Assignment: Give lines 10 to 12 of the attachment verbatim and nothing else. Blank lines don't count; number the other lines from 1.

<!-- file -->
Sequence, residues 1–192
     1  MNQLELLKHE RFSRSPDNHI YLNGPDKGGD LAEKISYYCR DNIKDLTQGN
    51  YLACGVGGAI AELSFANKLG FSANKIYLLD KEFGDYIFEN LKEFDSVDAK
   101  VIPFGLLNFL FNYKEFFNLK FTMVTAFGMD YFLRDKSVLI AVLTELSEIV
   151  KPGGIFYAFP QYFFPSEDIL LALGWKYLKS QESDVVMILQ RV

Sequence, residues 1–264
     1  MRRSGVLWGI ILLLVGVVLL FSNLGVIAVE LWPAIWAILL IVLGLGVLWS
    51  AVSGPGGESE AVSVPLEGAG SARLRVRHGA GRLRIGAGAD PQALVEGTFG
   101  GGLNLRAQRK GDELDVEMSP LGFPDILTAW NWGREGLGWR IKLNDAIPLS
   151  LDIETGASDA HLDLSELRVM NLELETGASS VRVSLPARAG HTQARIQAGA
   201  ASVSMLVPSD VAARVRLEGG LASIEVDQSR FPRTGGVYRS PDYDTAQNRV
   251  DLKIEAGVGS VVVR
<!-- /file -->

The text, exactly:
   151  LDIETGASDA HLDLSELRVM NLELETGASS VRVSLPARAG HTQARIQAGA
   201  ASVSMLVPSD VAARVRLEGG LASIEVDQSR FPRTGGVYRS PDYDTAQNRV
   251  DLKIEAGVGS VVVR